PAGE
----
A Critique of the Critics
The following is a book review of T'ang Leang-li's edited China's Own Critics A Selection of Essays by Hu Shih and Lin Yu-tang with Commentaries by Wang Ching-wei,Tientsin and Shanghai: China United Press, 1931. It appeared in The China Critic, V:19 (12 May 1932): 462-463.—The Editor
China's Own Critics is a collection of seventeen essays, five by Dr Huh Shih, and twelve by Dr Lin Yu-tang, with two commentaries by Mr Wang Ching-wei coming behind two of Dr Hu's essays. Dr Hu's writings are well-known to Chinese readers, as practically all of them first appeared in The New Moon, a monthly which in the past few years, has attracted nation-wide attention; those of Dr Lin originally appeared in English in the pages of The Critic, and are therefore already well-known to many Chinese and foreign readers.
All the essays are, as the edited Mr Tang has remarked in his Preface, 'intellectually and morally refreshing'. Though written two or three years ago, none of them is out-of-date. Such question [sic] raised by Dr Hu as 'Which Road Shall We Take?' and 'When Shall We Have A Constitution' are still being constantly asked, and more insistent now than ever. Mr Wang's commentaries are equally interesting, in that they betray very noticeably how the mind of a doctrinaire infallibly works, particularly when attempting to show that the doctrine with which he is identified is infallible.
Both authors have shown themselves able critics of China's own cultural and national life. Dr Hu's rather unfavourable attitude towards Chinese civilization, however, is not much in evidence in these essays, as they are largely political and deal only with current problems. That Dr Lin is deeply dissatified [sic] both with China's cultural heritage and her present political control is well shown in all of his 'little critics'. It will be admitted by most readers that while Dr Lin's criticisms are penetrating, they are not always very just. Some of them have to be taken with a grain of salt, and all of them with a grain of humour. While they were in right place [sic] in the columns of 'The Little Critic', they have to be read and appreciated with a great deal more caution when republished elsewhere.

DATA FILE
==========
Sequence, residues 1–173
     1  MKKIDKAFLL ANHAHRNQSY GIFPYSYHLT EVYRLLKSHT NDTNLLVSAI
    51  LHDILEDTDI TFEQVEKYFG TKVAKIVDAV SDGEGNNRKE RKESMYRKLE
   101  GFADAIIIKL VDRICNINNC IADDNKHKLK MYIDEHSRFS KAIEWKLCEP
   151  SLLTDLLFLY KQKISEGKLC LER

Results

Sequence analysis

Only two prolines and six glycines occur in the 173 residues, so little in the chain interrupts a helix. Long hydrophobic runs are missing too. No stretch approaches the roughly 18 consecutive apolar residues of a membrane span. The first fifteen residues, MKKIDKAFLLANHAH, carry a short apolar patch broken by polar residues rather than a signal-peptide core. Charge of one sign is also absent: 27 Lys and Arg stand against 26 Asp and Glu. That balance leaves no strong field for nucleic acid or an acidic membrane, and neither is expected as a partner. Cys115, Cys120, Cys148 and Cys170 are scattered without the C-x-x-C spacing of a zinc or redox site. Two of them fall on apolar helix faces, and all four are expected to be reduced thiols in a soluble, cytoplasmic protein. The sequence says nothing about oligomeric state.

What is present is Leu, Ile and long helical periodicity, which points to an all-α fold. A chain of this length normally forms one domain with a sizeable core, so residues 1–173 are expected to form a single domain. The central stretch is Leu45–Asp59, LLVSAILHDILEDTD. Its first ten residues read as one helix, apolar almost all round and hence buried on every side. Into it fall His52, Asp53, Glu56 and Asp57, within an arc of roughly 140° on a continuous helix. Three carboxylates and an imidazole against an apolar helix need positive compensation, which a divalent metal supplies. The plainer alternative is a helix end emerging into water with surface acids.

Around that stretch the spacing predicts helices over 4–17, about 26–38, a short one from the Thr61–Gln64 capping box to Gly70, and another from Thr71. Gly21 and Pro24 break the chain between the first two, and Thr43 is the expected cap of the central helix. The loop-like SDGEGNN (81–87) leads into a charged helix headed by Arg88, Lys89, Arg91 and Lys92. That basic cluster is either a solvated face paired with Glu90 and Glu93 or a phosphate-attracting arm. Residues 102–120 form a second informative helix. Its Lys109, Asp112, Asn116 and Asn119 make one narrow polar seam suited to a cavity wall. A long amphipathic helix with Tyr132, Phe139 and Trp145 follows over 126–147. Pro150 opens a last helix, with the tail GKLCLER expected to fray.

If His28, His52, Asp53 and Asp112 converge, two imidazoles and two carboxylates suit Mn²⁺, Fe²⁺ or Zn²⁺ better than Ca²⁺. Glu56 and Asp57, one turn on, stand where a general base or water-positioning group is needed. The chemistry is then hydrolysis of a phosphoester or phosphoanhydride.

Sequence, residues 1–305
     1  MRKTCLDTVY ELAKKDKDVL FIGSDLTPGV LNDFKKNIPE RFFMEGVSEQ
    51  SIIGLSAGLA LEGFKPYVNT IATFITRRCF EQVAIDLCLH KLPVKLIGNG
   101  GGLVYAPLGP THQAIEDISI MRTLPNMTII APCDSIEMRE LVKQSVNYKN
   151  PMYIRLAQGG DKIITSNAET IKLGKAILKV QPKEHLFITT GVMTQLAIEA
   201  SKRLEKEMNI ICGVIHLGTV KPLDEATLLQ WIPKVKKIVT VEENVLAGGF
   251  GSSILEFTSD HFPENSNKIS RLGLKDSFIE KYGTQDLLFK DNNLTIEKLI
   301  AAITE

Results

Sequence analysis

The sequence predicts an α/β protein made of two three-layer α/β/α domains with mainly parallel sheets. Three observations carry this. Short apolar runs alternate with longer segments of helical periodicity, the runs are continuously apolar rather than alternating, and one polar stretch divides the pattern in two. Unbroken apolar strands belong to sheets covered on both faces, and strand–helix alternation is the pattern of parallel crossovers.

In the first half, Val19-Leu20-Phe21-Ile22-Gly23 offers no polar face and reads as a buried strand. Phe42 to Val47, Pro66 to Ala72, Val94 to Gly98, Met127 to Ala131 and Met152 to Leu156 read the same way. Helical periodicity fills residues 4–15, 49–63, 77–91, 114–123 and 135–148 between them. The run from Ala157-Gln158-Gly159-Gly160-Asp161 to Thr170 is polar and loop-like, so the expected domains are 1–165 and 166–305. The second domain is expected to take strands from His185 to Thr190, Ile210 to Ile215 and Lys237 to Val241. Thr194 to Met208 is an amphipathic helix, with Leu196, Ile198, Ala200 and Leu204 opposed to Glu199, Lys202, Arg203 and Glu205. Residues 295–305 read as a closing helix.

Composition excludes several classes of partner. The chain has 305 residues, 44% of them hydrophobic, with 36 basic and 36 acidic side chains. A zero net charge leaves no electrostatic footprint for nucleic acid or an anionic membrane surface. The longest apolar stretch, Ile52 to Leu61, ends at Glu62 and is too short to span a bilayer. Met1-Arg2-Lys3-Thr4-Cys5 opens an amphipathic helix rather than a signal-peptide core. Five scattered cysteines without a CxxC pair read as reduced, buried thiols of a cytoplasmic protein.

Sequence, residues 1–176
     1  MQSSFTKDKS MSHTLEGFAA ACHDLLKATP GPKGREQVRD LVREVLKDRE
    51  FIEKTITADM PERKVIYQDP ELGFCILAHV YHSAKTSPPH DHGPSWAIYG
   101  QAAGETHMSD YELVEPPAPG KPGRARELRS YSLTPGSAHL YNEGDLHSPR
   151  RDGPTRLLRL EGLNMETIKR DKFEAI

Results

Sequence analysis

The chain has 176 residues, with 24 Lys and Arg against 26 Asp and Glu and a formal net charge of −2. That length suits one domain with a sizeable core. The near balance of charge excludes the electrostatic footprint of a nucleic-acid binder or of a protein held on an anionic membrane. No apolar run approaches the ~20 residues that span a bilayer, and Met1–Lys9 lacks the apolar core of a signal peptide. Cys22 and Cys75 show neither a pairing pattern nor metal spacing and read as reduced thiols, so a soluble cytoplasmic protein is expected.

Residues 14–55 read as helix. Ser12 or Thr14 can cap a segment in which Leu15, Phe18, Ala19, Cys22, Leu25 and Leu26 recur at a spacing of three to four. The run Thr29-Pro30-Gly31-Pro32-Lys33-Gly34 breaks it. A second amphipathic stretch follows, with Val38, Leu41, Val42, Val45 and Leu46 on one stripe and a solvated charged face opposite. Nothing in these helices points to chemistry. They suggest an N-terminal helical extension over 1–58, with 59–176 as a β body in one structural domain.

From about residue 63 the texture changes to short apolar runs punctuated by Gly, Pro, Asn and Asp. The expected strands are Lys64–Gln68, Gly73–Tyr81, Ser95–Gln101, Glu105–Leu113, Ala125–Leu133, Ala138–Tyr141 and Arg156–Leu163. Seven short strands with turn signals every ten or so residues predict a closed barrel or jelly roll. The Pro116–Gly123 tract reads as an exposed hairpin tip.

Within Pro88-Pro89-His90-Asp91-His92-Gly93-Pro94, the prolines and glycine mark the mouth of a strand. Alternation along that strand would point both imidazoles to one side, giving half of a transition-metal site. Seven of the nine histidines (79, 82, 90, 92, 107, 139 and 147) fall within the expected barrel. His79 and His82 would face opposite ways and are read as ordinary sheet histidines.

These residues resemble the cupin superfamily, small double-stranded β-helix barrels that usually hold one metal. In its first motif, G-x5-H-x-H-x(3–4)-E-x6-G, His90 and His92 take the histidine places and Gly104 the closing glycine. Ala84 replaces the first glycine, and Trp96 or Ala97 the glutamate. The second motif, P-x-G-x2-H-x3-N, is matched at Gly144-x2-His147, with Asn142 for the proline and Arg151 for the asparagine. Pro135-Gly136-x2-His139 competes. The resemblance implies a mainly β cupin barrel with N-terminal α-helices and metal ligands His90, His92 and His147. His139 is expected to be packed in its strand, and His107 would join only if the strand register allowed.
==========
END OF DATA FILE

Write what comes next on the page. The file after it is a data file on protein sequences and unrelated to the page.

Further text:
Dr Hu, in one of his essays, repeatedly refers to The Critic as semi-official. This is most unfortunate. That The Critic has at times proved more considerate of the government than was necessary is perhaps a fact. But everybody has his semi-official moments, from which even Dr Hu himself does not seem to have been entirely free.
China's Own Critics is interesting enough, but what we need more at the present time is some real critics from and of the Kuomintang Party which is in control of China and has promised to make China safe from critics, Chinese or foreign. Kuomintang's Own Critics is the book that most readers are looking forward to. It is interesting, nay, even ironical to see while Mr Tang was editing China's Own Critics, Mr Wang Ching-wei, for and about whom he has been writing so much, has not deviated much from the path which Nanking had always pursued before Mr Wang came on the scene in dealing with non-Kuomintang critics of Kuomintang rule. The New Moon from which practically all of Dr Hu's essays in this volume are taken, is still under ban. The editor of a big Shanghai newspaper has been very recently warned and reprimanded for comparing and criticizing Mr Wang's views expressed before and after he came to take charge of the national government toward the end of last year.
In his commentaries of Dr Hu's articles, Mr Wang has more than once made reference to 'the true Party member'. But where is he? How many true members are there? How are they to be picked out? Is there not the fairly general feeling suggested by reading Friedrich Nietzsche that there has but been one true Kuomintang member and that he died of cancer of stomach in Peiping on the eve of effecting a united China without bloodshed? Such questions can only be adequately answered when Kuomintang's Own Critic is written and published, meanwhile let us read China's Own Critics and rest assured that all our ills are traceable to a faulty cultural heritage and to unscrupulous political leaders who were at heart and in spirit not truly Kuomintang.